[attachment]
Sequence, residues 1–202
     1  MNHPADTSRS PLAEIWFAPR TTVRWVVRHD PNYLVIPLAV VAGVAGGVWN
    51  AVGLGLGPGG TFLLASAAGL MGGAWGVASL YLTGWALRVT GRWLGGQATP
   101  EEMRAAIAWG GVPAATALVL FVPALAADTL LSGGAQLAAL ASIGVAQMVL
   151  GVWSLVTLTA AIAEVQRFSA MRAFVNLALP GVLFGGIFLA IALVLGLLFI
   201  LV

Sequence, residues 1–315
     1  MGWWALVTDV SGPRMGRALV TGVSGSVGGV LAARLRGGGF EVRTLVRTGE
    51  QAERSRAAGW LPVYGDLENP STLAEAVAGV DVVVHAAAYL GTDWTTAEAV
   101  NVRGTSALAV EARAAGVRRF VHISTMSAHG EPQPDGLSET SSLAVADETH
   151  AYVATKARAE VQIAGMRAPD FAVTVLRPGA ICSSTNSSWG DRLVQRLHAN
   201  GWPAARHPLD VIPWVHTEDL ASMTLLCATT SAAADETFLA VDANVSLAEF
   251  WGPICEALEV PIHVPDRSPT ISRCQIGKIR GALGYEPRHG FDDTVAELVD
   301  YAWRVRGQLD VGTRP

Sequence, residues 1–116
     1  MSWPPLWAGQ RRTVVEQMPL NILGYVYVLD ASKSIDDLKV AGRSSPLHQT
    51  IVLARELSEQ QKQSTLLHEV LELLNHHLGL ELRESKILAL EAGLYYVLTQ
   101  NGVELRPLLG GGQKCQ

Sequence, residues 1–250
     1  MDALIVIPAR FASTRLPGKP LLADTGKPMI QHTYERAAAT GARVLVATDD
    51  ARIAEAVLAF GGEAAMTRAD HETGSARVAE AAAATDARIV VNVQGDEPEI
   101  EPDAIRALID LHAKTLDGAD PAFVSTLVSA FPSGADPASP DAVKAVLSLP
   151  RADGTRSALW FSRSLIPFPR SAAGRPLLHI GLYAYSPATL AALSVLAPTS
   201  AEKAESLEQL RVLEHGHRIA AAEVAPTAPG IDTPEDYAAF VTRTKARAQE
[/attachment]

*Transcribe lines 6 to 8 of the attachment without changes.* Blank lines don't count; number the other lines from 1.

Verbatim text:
   201  LV

Sequence, residues 1–315
     1  MGWWALVTDV SGPRMGRALV TGVSGSVGGV LAARLRGGGF EVRTLVRTGE